Cycle 1 (2011 Deadline)
Intra-seasonal climate predictions for Sri Lanka and Maldives for water resources management
PI: Lareef Zubair, Foundation for Environment, Climate and Technology, Mahaweli Authority of Sri Lanka
U.S. Partner: Adam H. Sobel, Columbia University
Project Dates: May 2012 - April 2015
Sewwandhi Chandrasekera gives a talk called "Meteorology and Predictability of Tropical Storm ARB-04 (TC5) in the Indian Ocean during November 2011" at the Sri Lanka Water Convention.
Climate fluctuations at intra-seasonal time scales (beyond a few days to a few months) have profound influences on management of water resources to generate hydroelectricity and irrigate agricultural lands. Any ability to anticipate these fluctuations is valuable. Recent, improvements in understanding of intra-seasonal (IS) climate variability and the availability of real-time satellite based observations have led to the emergence of methodologies for IS climate predictions from a few days up to a month. This project aims to bring to bear climate variability insights from a National Science Foundation-sponsored program called DYNAMO focused on the Western Equatorial Indian Ocean. Specifically, the researchers will test IS climate predictions and assess their use for water management in Sri Lanka.
The overall goal of the project is to promote better understanding of IS variability of rainfall around Sri Lanka and Maldives, refine prediction schemes, translate this information to support water management, and upgrade local capcity for climate science and climate services. Even modest improvements in IS predictions can lead significant social and economic consequences from anticipatory water management. Because of the principal investigator's affiliation with the Mahaweli Authority of Sri Lanka, which is the nation's coordinating agency for water management, the project has potential for near-term impact as improved prediction models are developed and tested.
Summary of Recent Activities
In the last quarter of 2013, the project team installed two automated weather observation instrumentation posts and set up systems for logging and uploading weather data to the Internet. The observation system is being installed as a first step in testing the potential for flood predictions based on monitored weather conditions. Data from this system are being updated to the website http://www.tropicalclimate.org/myweatherdirectory/index.htm. In addition to these live data, the project produced 12 weekly climate reports that were made available at http://fectsl.blogspot.com. Three monthly climate reports for the Maldives were produced and are available at http://fectmv.blogspot.com. One problem encountered during the quarter was the U.S. government shutdown, which led to the inability of the project team to provide short-lead intra-seasonal predictions because were was no new data from the NOAA Climate Prediction Center. Meanwhile, the PI also visited U.S. partner Adam Sobel at Columbia University to initiate remote data processing and to obtain references and other resources for project work.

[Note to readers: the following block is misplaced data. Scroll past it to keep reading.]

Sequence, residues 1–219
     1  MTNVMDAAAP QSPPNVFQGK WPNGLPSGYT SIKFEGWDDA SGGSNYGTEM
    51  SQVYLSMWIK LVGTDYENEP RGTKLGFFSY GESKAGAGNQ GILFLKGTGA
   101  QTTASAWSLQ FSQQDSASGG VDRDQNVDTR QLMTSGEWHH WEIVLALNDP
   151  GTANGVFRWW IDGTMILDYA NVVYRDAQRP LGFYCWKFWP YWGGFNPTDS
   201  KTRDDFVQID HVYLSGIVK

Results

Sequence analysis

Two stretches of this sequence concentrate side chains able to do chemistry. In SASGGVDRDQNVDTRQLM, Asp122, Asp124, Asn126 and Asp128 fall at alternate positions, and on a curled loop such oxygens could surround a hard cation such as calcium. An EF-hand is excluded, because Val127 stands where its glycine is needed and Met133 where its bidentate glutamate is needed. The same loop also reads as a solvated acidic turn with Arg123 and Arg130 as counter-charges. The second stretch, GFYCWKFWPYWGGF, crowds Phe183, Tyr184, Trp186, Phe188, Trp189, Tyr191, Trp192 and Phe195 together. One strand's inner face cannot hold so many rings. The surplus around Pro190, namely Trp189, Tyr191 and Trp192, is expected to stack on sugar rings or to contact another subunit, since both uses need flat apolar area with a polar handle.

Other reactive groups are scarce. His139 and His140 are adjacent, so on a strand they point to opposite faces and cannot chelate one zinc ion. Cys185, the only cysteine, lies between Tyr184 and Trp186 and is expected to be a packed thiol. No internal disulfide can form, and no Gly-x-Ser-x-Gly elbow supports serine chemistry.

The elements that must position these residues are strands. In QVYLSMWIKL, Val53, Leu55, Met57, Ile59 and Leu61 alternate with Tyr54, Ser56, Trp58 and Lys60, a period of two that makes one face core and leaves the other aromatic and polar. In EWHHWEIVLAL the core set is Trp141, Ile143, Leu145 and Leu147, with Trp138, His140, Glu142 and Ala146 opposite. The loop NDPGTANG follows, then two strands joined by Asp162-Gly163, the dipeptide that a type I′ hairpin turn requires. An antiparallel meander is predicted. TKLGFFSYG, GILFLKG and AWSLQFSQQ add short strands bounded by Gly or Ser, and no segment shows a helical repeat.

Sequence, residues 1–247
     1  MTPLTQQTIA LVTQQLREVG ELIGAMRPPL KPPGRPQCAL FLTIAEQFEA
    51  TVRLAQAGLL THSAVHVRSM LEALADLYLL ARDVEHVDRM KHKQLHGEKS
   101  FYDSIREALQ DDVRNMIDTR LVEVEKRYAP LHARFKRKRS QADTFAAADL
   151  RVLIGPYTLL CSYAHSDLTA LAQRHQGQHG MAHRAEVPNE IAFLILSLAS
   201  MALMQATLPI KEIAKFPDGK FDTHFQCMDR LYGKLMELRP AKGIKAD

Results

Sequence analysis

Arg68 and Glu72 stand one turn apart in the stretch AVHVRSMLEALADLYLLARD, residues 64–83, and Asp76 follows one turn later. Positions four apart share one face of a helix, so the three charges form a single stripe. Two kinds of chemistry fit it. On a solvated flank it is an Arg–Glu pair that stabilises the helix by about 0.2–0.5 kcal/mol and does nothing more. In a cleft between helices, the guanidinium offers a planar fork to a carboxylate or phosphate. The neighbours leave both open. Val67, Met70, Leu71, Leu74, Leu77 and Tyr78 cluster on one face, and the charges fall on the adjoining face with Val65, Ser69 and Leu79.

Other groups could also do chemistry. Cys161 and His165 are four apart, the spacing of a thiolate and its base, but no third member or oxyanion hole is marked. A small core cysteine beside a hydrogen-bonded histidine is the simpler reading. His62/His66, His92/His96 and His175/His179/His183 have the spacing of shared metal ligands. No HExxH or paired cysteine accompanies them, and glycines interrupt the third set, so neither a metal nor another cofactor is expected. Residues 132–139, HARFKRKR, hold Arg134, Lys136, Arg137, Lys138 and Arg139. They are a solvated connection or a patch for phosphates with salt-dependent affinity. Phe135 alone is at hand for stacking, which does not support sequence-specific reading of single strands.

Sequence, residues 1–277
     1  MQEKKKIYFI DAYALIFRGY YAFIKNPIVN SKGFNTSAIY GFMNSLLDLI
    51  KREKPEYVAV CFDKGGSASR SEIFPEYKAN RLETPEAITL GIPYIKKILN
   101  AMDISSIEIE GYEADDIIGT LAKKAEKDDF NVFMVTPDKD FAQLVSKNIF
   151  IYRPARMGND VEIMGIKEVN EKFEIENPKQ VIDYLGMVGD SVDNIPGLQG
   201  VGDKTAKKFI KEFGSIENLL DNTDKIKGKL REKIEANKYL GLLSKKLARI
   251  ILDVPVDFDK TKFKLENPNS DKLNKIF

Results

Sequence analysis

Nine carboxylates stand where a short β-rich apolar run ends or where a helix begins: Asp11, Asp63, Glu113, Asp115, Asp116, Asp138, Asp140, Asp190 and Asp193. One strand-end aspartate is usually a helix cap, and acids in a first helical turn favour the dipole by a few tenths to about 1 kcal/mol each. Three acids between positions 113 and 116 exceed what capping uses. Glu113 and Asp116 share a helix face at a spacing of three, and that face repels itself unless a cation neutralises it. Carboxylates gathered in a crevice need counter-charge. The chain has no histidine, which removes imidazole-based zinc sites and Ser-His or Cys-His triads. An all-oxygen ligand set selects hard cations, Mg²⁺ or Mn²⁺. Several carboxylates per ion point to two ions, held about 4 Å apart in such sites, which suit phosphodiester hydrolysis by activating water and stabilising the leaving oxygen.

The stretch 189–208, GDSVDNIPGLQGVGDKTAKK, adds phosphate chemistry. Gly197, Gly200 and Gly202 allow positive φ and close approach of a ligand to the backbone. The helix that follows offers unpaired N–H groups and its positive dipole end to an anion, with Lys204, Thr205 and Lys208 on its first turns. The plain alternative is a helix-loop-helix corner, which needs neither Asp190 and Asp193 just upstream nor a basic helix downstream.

In the coming months, the team plans to review meteorological monitoring for quality assurance of the data. They will also to use the U.S. partner’s computer system to further develop the Internet-based data management system. The team will be writing annual climate summaries for Sri Lanka and the Maldives and drafting research papers on the effects of the Madden-Julian Oscillation and the El Niño Southern Oscillation on climate change
| During World Environment Day activities at |
Azhar Central School in June 2013,
schoolchildren put together a drama on
community responses to Dengue fever.
| Lareef Zubair gives his workshop on |
mainstreaming climate information applications
for enhancement of agroecosystem services
and functions in the Nilwala Basin in May 2013.
During World Environment Day activities in
June 2013, Akurana Balika Vidyalaya
students staged a production on the
importance of the Pinga Oya River.
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